Ultra X, main

Ultra X branding drops “masculine” image for marathons

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Ultra X, the new ultra marathon series, runs five day, 250 kilometre races globally, with a view to appealing to people of all levels, from running “novices” to long-distance “experts”.

We Launch have designed the branding for the group and have avoided the “masculine” image associated with similar events.

Ultra X is a series of “ultra-marathons” which means that they are longer than the traditional marathon race distance of 42 kilometres (26 miles).


Ultra X, logo

The group hosts races that are 250 kilometres long which take five days to complete. There are races scheduled in Mexico, Jordan, Sri Lanka, Bolivia, China and Azores in 2019 and 2020. The idea is that by hosting worldwide races competitors will not only experience the sporting accomplishments but also travel experiences too, say Ultra X.

The group was founded by the same people who were behind the Wadi Rum Ultra in Jordan, which is a five day trek across the desert.

The new ultra marathon brand intentions are to make “multi-day racing accessible to all”, says creative director at We Launch, Stuart Lang, so has three different levels of participants; rookies who are new to ultra competition, allegiants, who have competed in them before and pros, who are experts in the field of ultra competition.


Ultra X, billboardUltra X, countries

The studio were keen to avoid the male-orientated trends, such as a colour palette using red and black which are regularly seen in ironman competitions, says Lang.

The logo itself has a colour palette of blue and white and is set in bold, sans-serif typeface Holmkvist in all caps. Underneath this logo is an “X” symbol, which contains a two-dimensional person running inside it, which has carried across from the Wadi Rum Ultra brand that aims to be a “well-recognised” and “unisex” graphic symbol for running across the globe, says Lang.

The logo is adapted to whatever country the event is being hosted in by showing the country name underneath in the national colours.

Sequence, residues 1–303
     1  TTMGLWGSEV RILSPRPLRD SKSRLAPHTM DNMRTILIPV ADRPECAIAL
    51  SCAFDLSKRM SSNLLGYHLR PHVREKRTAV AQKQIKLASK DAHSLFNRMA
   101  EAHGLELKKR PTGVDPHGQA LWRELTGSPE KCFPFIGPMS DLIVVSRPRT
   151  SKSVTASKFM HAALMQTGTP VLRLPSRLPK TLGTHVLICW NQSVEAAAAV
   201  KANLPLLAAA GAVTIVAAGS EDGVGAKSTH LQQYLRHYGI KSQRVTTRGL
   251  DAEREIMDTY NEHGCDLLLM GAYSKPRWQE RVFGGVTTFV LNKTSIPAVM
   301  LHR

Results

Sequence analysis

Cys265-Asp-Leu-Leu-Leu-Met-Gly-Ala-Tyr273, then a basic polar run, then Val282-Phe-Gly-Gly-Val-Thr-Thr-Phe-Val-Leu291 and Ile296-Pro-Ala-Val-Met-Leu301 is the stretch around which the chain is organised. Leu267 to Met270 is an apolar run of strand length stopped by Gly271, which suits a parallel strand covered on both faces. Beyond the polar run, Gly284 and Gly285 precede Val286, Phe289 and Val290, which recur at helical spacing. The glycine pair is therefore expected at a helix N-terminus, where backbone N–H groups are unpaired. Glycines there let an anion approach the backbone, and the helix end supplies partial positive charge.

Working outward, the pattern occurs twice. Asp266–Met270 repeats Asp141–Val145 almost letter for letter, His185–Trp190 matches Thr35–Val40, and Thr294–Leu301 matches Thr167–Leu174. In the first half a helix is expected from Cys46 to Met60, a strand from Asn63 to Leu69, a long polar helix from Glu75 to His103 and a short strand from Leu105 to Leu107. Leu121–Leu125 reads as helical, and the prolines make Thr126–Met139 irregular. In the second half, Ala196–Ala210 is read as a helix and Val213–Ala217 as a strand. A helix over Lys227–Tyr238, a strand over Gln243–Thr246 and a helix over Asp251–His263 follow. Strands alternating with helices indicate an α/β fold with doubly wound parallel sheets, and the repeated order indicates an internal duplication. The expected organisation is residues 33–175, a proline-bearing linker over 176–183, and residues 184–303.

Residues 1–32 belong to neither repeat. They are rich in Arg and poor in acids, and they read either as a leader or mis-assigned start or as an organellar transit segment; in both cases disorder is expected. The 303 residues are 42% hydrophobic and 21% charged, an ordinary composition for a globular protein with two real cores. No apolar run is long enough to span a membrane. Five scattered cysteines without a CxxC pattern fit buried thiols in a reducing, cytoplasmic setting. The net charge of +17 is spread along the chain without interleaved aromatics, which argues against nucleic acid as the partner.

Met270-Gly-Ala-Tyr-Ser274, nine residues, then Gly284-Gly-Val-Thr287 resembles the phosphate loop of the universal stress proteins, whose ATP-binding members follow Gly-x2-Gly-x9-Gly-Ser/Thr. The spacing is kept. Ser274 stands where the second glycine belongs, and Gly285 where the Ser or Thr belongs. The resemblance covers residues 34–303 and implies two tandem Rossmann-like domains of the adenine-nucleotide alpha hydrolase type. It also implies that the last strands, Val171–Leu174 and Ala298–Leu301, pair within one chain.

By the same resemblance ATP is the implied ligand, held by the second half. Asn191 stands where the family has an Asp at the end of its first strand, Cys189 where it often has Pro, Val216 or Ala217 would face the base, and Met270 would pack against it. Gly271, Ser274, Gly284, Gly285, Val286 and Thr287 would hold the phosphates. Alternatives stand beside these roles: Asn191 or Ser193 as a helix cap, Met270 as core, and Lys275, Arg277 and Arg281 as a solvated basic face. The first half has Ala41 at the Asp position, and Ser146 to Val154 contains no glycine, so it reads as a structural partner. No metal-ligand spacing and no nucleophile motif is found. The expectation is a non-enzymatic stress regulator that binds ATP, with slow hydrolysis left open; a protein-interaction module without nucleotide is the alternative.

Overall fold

The “X” symbol used within the logo is blown up and is used as a simple line-drawn framing device which will hold imagery and text. The headline font for the branding is sans-serif typeface Tase which is set in all caps, chosen as it is “lighter” and “more condensed” than the “chunky” logotype, says Lang.


Ultra X, merchandise2Ultra X, merchandise1

The marketing for Ultra X uses landscape photography from across the world, with global co-ordinates used on some of the posters in the top left hand corner.

“We needed to appeal to all types of runners. We made the visual language about the actual locations and epic landscapes and chose a colour palette that wasn’t being used in the endurance sport space at all; the blue and white feels calm and serene, it’s almost Scandinavian in feel,” adds Lang.

Lang says that the brand had to be personalised to each country to allow the hosts to “take ownership” of the brand, which is the reason why place photography has been used and a secondary palette has been inspired by national flag colours.


Ultra X, laptop

“Emotive” headlines are used within the branding, with the message to people of different abilities to “explore [their] limits” by pushing themselves physically while explore new places.

“People build up with their challenges. You start with a 5km, then a 10km, then a half-marathon, then a marathon. People get that bug and want a new challenge. Also, people are not forced to run, they can walk or take part in other ways. We wanted this to appeal to novices and rookies, those people who have done a few long-runs and marathons, and the elite,” says Lang.

Ultra X is currently rolling out their new branding across all touchpoints, taking in their website, social media, merchandise, print, digital advertising, brand guidelines and a brand film.


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